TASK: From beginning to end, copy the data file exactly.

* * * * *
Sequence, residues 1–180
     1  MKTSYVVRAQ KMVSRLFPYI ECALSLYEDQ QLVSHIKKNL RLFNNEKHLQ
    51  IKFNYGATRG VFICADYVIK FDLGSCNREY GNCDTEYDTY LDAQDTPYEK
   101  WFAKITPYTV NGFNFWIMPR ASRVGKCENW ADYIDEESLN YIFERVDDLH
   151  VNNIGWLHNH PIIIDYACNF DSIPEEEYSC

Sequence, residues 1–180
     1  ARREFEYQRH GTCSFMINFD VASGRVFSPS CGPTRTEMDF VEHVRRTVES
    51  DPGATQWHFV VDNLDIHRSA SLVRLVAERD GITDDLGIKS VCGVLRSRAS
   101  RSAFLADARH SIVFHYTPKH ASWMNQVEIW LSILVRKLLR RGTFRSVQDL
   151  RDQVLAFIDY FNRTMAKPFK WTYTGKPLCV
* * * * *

Sequence, residues 1–180
     1  MKTSYVVRAQ KMVSRLFPYI ECALSLYEDQ QLVSHIKKNL RLFNNEKHLQ
    51  IKFNYGATRG VFICADYVIK FDLGSCNREY GNCDTEYDTY LDAQDTPYEK
   101  WFAKITPYTV NGFNFWIMPR ASRVGKCENW ADYIDEESLN YIFERVDDLH
   151  VNNIGWLHNH PIIIDYACNF DSIPEEEYSC

Sequence, residues 1–180
     1  ARREFEYQRH GTCSFMINFD VASGRVFSPS CGPTRTEMDF VEHVRRTVES
    51  DPGATQWHFV VDNLDIHRSA SLVRLVAERD GITDDLGIKS VCGVLRSRAS
   101  RSAFLADARH SIVFHYTPKH ASWMNQVEIW LSILVRKLLR RGTFRSVQDL
   151  RDQVLAFIDY FNRTMAKPFK WTYTGKPLCV